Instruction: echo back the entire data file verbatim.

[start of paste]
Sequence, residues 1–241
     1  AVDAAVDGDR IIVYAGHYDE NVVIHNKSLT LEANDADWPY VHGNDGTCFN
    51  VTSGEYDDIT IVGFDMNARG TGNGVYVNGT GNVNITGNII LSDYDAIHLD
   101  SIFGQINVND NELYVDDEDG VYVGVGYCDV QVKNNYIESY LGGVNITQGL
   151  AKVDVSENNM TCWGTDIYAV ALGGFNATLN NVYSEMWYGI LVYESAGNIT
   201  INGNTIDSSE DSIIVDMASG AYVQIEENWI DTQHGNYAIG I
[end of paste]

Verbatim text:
Sequence, residues 1–241
     1  AVDAAVDGDR IIVYAGHYDE NVVIHNKSLT LEANDADWPY VHGNDGTCFN
    51  VTSGEYDDIT IVGFDMNARG TGNGVYVNGT GNVNITGNII LSDYDAIHLD
   101  SIFGQINVND NELYVDDEDG VYVGVGYCDV QVKNNYIESY LGGVNITQGL
   151  AKVDVSENNM TCWGTDIYAV ALGGFNATLN NVYSEMWYGI LVYESAGNIT
   201  INGNTIDSSE DSIIVDMASG AYVQIEENWI DTQHGNYAIG I